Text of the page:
If you’re making what is known as an “inside” measurement (picture left) - after  the tape is locked in position (with the black button on top) - the tape is pushed with a slight force into the part to be measured.  The looseness in the tab is designed to take care of the thickness of the metal tab "IF" it is pushed slightly to the vertical item being measured.  The tab moves in toward the ruler and provides an accurate measurement by properly positioning the zero location.

In the photo right, the tape is being used to measure from the "outside" edge of an item. 

The tape is pulled slightly away from the edge being measured and the tab moves slightly away from the tape measure body.  It moves the thickness of the tab so that the zero point is now on the inside or from the photo the right side of the tab.  This places the zero location as necessary to have it measure properly.  This movement is accounting for the thickness of the metal tab.


The tape measure body often has a number printed on the base.  This is a value that can be used when making an inside measurement. 

The measured value is read where the tape enters the tape body and the value of its width added to that reading.  For this ruler it is 3 inches.  The number 3  is added to the measured value to get the total measurement.


Metric Units (now called SI for international Standard) are used by about every country accept the US.  Many items such as cars and trucks made and purchased in the US today use SI dimensions, bolts etc!  since parts are made all over the world, many industries have standardized on metric or SI  units

Metric is actually a simpler system and does not use Fractions!  All units are in 10ths.  The basic length measure is the meter (slightly longer that our yard.)  The preferred unit smaller than a meter is a 1000th of a meter called a millimeter (the abbreviation is mm.)  100rdth of a meter is called a centimeter (abbreviated as cm).  A cm = 10 mm's.  Everything is expressed in 10ths or multiples of 10.  The ruler in the picture shows inches on top and metric on the bottom.  The top is segmented in 1/16th of an inch.  The metric is labeled centimeters with segments in millimeters.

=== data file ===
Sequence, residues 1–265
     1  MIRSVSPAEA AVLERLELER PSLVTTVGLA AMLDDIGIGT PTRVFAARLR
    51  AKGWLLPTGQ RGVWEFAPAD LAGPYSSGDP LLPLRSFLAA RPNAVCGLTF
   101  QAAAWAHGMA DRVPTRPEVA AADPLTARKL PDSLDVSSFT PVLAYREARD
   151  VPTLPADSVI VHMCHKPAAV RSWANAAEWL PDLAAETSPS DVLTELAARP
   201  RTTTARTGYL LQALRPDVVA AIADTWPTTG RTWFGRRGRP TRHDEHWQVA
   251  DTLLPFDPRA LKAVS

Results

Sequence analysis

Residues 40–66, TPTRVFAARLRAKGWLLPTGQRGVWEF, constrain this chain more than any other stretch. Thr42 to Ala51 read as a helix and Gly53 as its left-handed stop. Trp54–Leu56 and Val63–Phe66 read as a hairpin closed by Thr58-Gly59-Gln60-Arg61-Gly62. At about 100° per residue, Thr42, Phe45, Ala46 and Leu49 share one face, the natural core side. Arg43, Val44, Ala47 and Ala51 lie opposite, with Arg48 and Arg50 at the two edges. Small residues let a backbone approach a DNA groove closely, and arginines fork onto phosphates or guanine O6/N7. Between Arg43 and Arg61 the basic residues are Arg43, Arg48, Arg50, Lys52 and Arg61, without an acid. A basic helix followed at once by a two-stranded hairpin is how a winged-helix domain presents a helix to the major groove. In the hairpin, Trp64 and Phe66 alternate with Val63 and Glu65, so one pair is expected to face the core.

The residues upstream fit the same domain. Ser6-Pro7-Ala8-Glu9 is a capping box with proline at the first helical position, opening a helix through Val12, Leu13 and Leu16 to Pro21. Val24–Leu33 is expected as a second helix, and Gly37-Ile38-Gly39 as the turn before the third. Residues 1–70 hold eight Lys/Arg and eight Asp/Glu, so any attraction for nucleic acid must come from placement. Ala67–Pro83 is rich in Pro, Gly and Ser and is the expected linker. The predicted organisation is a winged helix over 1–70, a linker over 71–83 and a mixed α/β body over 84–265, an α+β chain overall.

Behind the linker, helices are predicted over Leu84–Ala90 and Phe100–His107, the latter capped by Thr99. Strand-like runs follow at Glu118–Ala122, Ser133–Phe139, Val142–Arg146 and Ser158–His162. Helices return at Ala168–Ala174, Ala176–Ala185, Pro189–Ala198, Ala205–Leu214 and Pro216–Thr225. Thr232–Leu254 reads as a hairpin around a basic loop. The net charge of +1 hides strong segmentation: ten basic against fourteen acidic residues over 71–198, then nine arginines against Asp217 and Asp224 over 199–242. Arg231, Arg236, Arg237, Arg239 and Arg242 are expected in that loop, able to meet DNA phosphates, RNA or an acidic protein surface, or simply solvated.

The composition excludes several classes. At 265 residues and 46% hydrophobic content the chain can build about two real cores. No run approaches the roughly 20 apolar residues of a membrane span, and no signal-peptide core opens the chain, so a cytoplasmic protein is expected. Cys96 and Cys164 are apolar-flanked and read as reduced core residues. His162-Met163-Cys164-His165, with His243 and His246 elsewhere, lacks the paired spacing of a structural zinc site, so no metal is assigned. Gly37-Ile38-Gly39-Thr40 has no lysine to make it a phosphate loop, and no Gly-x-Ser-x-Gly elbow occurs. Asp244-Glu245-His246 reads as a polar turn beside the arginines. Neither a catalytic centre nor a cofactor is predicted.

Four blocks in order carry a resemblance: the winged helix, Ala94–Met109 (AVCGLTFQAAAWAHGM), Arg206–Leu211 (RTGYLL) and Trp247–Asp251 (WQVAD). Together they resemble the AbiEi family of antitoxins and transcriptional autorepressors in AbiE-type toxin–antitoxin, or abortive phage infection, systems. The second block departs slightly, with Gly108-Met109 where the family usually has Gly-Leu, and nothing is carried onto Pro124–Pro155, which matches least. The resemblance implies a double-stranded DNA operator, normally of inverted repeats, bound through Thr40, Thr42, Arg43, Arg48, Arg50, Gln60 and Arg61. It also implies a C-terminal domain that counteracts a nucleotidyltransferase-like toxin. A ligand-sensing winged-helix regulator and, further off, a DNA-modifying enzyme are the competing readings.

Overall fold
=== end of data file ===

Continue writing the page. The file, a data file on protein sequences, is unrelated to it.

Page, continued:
The picture left shows a conversion from 20 inches to metric.  The ruler has both US Units and metric units. As noted, 20 inches must be multiplied by the conversion factor of 1 inch = 25.4 mm.  Therefore 20 inches = 508 mm.  Then 508 mm divided by 10 mm/cm = 50.8.  Note all we have to do to divide by 10 is move the decimal over 1 place.  That yields 50.8.  Or 50 cm and 0.8 cm.  But a cm is 10 mm.  So it could be written as 50.8 cm or 50 cm + 8 mm.

Below are some Common Welding Metric Conversions


inch (in) 25.4 mm
foot (ft) 305 mm
foot (ft) 0.305 m
inches per min travel (ipm) 0.42 mm/sec
impact (ft-lb) 1.36 Joules
pound (lb) 0.454 kg
ft3/hr (CFH) 0.47 L/min
pressure (psi) 6.9 kPa
strength (psi) 0.0069 MPa
area (ft2) 0.093 m2
volume (in3) 1640 mm3
heat input (J/in) 39.4 J/m


Welding Math and Physics PDF


There is Much More Welding Math (and some Science) in Our 87 Page Self Study Program,

"Welding Math and Science; Part # WMS

This program provides basic information to help welding students and welding supervisors understand welding process characteristics using basic math and science.  Includes and Appendix with Simplified Basic Math Functions and Metric Conversions. 

CLICK for Purchase Page